20

JOHN AITCHISON

In the limit, as

dt

---* 0,

the differential perturbation process

{14.2)

is equivalent to

the set of differential equations

{14.4)

dt

d

log

Xi((t))

=

8i(t)- 8;(t) (i j).

Xj

t

There is redundancy in this set of!

D(D -1)

differential equations; the reduced set

{14.5)

d Xi(t)

-d log-(-)

=

8i(t)- 8n(t),

i

=

1, ... ,d,

t xn t

is sufficient to describe the process. Given the initial composition

x(O)

at time

0

we can readily obtain the composition

x(t)

at timet for the process by solving the

differential equations

{14.6)

x(t)

=

x(O)

o

P(t),

where the

ith

component

~(t)

of the overall perturbation

P(t)

is

(14.7)

~(t)

= exp

{lot

8i(u)du}.

We note that

{14.6)

and

{14.7)

can be expressed in terms of log ratios:

{14.8)

log{xi(t)/xn(t)}

=

log{xi(O)/xn(O)}

+

8i(t)- 8n(t),

i

=

1, ... , d,

and so we may anticipate that log ratio analysis of compositional data sets will

have a central role to play in the investigation of differential perturbation processes.

For purposes of exposition we have restricted our use of differential perturbation

processes to the case of a single continuous process variable

t.

No such restric-

tions are necessary. There may be a number of subprocesses, each with its own

driving continuous variable, in which case the differential equations defining the

process will involve partial derivatives. For compositional data sets with no contin-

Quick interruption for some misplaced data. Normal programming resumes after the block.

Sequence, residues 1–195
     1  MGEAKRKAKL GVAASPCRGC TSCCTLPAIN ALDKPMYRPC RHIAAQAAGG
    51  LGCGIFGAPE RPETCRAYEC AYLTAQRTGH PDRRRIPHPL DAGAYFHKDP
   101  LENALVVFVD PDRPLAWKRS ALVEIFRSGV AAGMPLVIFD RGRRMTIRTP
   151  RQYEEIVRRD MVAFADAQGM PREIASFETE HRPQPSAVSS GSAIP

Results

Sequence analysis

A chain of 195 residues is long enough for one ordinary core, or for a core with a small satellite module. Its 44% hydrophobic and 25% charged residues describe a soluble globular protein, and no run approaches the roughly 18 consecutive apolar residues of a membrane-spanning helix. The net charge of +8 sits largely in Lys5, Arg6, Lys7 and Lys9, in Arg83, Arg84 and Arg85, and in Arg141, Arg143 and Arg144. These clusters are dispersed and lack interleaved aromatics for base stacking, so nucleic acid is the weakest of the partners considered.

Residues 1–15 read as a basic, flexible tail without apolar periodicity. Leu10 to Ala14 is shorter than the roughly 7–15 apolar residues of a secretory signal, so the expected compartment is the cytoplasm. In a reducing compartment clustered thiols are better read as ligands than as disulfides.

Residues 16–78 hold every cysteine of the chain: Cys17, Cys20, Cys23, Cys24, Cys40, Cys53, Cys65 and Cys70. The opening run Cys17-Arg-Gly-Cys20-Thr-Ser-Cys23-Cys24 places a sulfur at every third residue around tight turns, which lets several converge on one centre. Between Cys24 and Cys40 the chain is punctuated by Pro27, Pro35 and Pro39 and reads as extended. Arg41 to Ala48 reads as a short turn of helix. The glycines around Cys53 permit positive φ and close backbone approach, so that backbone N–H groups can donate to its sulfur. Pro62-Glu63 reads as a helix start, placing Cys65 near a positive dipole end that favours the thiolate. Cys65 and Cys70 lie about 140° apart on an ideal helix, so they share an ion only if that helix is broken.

uous variable defined, a log contrast principal component analysis will determine

the dimensionality of any such underlying continuous vector. Investigation of the

constant log contrast principal components is then the first step in any attempt to

identify the underlying processes. For some simple applications to sedimentary and

olivine compositions, see

[A-T].

15. Discussion

The history of simplicial inference abounds with all sorts of devices purport-

ing to overcome the difficulties associated with the special nature of the simplex

sample space. These range from imagining that there is no problem, ignoring the

constraint and inappropriately applying standard unconstrained

RD

multivariate

analysis; 'opening out' the compositions into imaginary vectors in

R!;_;

recognizing

that corr(xi,x;) = 0 does not mean that components

Xi

and

x;

are independent

but attempting to discover a non-zero 'null correlation' which characterizes inde-

pendence in imagined open vectors; studying compositional pathology in the sense

of identifying what goes

~rong

in applying standard multivariate analysis to sim-

plicial data; transforming from the simplex to the positive orthant of the sphere

and imagining that distributions over the whole sphere are appropriate for further

analysis; attempting to rid the Dirichlet class of its inherent independence proper-

ties. See

[Al2]

for further discussion of these attempted solutions.